The other interesting part of this is the lack of suspension for any players involved, especially current Mets manager Carlos Beltran. The league described this as “player-driven,” so it seems like players should be penalized for what happened, no? That isn’t the case here.

There’s a lot of politicking going on, and with the CBA expiring and the possibility of a lockout looming, that’s why players weren’t punished. That’s why not one active player was even mentioned in MLB’s press release about this. However, I think this is a cowardly act from the league who actively chose to levy harsh punishments to discourage this from happening again.

Sure, you could give the league the benefit of the doubt that they couldn’t place blame on certain individual players. However, two things. First, why does Major League Baseball deserve the benefit of the doubt? When have they ever deserved the benefit of the doubt on just about anything? Secondly, they did name Carlos Beltran, who was a player at the time, specifically in the release, which leads me to think they do know who the “ringleaders” of this scheme were in the Astros clubhouse.

Should this exact thing have happened three years ago, or should labor relations in baseball not gone completely off of a cliff after the offseason last year, then players are suspended. It’s completely circumstantial as to why none were, and I hate that. Yes, look out for the league, and I understand that punishing players for this probably is the nail in the coffin leading to the first lockout in Major League Baseball since 1994.

However, that is such an awful argument. Players get off scot-free solely because the Collective Bargaining Agreement, which was signed before most of these players were even professionals, happens to expire next year? What would have happened if Mike Fiers didn’t come forward about this until 2022? Would players have gotten suspended then?

It’s just awful on the league’s part to clearly not be punishing the Astros to the full extent of what they could. You don’t need to ban players for life, or even suspend them for a year, but everyone involved should have gotten a big fine at the very minimum.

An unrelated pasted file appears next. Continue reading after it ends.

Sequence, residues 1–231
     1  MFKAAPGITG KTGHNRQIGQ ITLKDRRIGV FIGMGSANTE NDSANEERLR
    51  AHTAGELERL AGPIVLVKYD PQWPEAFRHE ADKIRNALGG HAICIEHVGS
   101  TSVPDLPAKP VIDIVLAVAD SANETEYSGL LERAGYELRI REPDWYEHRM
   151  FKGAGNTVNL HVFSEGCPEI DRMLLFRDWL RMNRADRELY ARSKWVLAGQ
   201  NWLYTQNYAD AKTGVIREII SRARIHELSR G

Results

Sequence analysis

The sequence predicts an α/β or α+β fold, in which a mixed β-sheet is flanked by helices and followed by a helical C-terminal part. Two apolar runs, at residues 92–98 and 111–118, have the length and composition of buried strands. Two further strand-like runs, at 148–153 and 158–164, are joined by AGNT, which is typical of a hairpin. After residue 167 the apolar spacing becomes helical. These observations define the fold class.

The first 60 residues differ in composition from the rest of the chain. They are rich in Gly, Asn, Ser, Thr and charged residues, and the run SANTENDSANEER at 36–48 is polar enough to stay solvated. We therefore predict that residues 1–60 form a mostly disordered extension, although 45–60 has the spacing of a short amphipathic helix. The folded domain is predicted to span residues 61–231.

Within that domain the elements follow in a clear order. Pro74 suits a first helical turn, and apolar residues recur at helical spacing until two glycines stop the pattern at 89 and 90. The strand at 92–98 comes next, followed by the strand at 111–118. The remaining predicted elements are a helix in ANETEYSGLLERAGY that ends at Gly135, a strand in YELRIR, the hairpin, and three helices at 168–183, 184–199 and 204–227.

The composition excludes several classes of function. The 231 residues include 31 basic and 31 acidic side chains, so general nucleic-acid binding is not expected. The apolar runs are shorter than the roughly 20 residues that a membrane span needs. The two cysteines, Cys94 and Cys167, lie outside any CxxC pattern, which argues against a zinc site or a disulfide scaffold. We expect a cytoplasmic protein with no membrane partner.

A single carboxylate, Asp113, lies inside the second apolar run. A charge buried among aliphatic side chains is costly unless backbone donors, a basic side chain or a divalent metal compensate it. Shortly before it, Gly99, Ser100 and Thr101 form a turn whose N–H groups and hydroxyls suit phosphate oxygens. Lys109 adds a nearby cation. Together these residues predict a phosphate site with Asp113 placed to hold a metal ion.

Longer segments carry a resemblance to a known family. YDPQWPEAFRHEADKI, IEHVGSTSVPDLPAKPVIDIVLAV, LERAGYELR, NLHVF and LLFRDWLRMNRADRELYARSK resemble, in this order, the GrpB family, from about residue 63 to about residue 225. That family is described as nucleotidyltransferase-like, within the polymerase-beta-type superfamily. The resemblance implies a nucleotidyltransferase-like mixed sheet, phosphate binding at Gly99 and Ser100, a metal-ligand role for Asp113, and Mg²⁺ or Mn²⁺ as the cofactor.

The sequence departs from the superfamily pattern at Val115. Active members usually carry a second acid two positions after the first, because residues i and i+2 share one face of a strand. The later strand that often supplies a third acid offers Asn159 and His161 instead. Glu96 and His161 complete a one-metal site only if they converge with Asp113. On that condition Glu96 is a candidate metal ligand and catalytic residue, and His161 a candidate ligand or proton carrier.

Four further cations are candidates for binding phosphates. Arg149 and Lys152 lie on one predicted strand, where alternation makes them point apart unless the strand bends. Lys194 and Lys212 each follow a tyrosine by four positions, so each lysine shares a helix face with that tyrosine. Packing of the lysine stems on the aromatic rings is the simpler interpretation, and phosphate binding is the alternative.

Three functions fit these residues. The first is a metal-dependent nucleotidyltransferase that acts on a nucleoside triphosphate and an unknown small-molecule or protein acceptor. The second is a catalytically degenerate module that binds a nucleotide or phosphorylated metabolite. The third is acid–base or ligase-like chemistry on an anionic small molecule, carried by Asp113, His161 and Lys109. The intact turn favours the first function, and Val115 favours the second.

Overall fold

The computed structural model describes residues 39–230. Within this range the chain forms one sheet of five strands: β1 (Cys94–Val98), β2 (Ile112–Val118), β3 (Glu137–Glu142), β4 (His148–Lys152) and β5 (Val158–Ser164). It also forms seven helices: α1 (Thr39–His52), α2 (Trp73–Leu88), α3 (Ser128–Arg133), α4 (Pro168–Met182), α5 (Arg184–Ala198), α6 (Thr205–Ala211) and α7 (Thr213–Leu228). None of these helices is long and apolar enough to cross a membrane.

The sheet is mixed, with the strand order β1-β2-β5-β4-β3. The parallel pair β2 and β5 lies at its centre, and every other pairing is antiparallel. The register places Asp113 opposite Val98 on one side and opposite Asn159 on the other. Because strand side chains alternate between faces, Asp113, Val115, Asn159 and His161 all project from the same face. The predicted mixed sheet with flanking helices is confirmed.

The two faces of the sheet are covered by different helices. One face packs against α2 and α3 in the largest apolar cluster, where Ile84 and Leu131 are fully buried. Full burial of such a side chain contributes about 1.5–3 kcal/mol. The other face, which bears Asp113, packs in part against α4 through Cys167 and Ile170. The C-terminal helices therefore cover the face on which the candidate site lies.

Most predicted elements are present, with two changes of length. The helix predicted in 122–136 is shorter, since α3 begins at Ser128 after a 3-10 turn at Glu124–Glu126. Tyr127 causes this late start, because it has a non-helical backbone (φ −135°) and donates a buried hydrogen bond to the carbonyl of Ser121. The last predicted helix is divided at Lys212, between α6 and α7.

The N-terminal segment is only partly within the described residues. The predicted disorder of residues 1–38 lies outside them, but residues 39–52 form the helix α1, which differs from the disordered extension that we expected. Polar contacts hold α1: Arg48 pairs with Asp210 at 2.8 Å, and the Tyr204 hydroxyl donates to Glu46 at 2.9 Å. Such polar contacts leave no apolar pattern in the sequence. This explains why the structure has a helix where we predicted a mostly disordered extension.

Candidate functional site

The wording from the league on the draft picks that are stripped it also very interesting. The league stripped the Astros of their first and second round picks in both 2020 and 2021.

Yes, their first pick for both those drafts will be gone. But what the league didn’t clarify was whether that “second-round pick” was truly their pick in the second round, or their second highest pick. The Astros are going to get a very high compensation pick in 2020 for Gerrit Cole signing with the Yankees, and presumably could next year should George Springer and/or Michael Brantley leave for a massive contract somewhere else.

Cole’s compensation pick will certainly be higher than their second-round pick, and there’s a chance that they could be in the same boat in 2021 with Springer and/or Brantley (more than likely Springer). Is the league actually going to allow the Astros to keep their second highest pick, because that’s what it seems like to me right now. And that’s awful.

There’s also a massive loophole in this in which the Astros can trade for competitive balance picks, which won’t be that far below their actual draft slot. Sure they lose the draft capital, but with how good that team is, it’s not as valuable as it could be.

The last part of the punishment mentioned is the suspension of former Assistant General Manager Brandon Taubman, who was fired after making comments to female reporters praising Roberto Osuna, who had been previously suspended for domestic violence. Taubman’s name never came up in the sign-stealing scandal, so I really do not believe it should have had anything to do with the punishments levied here. The league left it vague as to whether or not it did.

I praise Jim Crane for having a no nonsense mentality for these type of shenanigans. I commend him for firing Hinch and, more than anyone, Luhnow. However, the fact that this had to come from Crane, and not from the league, is the worrying part here.

The league set a precedent here, and that precedent is that sign stealing is going to be punished, but it still may be worth it. At the end of the day, everyone involved still could, and very likely will, have a job in 2021 (albeit losing a year’s pay), the Astros are still 2017 World Series Champions, and the only people getting hit in the pocketbook are those at the very top.

Harsh punishments? Absolutely. Harsh enough? I really don’t believe so. Maybe if Alex Cora is banned for life, it’s enough. But for right now, I think Houston got off light.

Leave a Reply

This site uses Akismet to reduce spam. Learn how your comment data is processed.